Use of license plate scanning by police is a phenomenon across Massachusetts and continues expanding. Yet, restrictions on retention of data are still not required under state law.Boston police and many other towns across Massachusetts have deployed automatic license plate reading cameras that identify your car’s location and match your tag against local and federal databases. This data is stored by date, time, and location, and uploaded to federal databases.
What this means is that your local police department is participating in building a statewide and national tracking database for all citizens. If a plate scanning cruiser drove by you, your location is now logged. Many of these systems are being installed with federal grant money that requires that the data be shared with FBI databases.
And there are no explicit legal controls on who owns that data, who has access to it, or for what reason. The Massachusetts Executive Office of Public Safety and Security believes this is entirely uncontroversial.
The Massachusetts ACLU is on the case but has thus far not received any answers. Even the Fastlane automatic toll collecting system has restrictions on who and how that data can be accessed. And that system is much more limited, and you at least have to opt-in by signing up for a transponder. Not so with these police license plate scanners. If you have a license plate and drive on public roads, you are opting-in for government surveillance.
Yes, the purported, and perfectly reasonable purpose for these systems is for quickly finding vehicles in the databases that might be stolen cars, wanted for amber alerts, or other police investigations, or owned by people with outstanding warrants for failure to appear in court, or could be driving on suspended driver’s licenses.
The legitimacy of these systems stems from previous court rulings that it is proper and legal police procedure for officers to manually enter in plate numbers of any vehicle on the road. In the past officer’s have done this, so instead of manually entering a few or a few dozen selected license plates in the computer, the cameras and scanners can process literally thousands. So it is understandable that police love these systems. It is a force multiplier and does a lot of the manual work automatically.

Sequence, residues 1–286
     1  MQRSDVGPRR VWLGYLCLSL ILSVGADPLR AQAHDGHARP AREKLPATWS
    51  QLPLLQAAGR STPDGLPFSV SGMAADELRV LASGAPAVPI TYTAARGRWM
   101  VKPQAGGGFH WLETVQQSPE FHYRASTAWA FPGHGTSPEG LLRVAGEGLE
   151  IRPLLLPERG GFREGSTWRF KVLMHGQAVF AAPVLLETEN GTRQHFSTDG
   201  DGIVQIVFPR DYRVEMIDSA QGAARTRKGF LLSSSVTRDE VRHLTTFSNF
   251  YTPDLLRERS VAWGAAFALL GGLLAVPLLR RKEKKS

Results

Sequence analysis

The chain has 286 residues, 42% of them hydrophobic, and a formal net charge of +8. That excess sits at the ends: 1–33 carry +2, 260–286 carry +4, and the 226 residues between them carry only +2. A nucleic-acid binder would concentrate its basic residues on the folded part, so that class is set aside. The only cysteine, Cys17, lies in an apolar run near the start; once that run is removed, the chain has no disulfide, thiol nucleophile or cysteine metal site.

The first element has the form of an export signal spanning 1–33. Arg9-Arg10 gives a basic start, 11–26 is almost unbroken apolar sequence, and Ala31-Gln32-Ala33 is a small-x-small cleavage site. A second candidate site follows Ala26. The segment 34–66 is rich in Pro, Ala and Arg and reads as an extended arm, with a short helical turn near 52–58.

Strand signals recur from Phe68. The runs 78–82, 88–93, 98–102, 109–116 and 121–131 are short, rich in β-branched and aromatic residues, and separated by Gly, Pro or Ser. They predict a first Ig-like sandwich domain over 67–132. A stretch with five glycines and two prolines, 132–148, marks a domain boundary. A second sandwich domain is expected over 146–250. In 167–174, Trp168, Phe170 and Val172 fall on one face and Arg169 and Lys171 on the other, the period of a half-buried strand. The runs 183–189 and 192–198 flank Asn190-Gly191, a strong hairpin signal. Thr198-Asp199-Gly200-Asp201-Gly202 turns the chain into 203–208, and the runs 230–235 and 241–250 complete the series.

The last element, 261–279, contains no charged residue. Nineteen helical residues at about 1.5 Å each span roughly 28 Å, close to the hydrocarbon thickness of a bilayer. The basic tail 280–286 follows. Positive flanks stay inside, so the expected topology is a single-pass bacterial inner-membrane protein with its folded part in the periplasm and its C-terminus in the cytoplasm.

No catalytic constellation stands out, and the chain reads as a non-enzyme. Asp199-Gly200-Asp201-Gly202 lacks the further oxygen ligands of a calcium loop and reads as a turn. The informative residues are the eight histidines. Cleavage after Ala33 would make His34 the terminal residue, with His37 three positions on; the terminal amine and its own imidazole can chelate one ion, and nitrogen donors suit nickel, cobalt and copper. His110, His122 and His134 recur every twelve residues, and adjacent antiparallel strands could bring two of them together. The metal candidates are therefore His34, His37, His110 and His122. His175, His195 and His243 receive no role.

But these privacy concerns aren’t going to go away.
If you are parked outside your church or social club, and a police cruiser drives by, now the fact that you go belong to this particular organization is government information. Not only that, but they know who was there parked next to you.
So not only can they search these databases for where you have been, they can figure out who you may have been with. They will be able to detect all kinds of patterns and build a profile of information on you that the government absolutely has no right to track.
As these scanning systems expand to eventually be standard equipment on all police cruisers, the amount of data they will be able to collect will be astronomical.
If citizens really knew this was happening, they might be much more concerned than people realize. Voluntarily sharing your information online on sites like facebook is one thing, but the federal government passively monitoring and storing information on where you drive is a very different matter, and hopefully as more people find out about it, we can pass stricter laws on how this information is gathered, and who has access to it.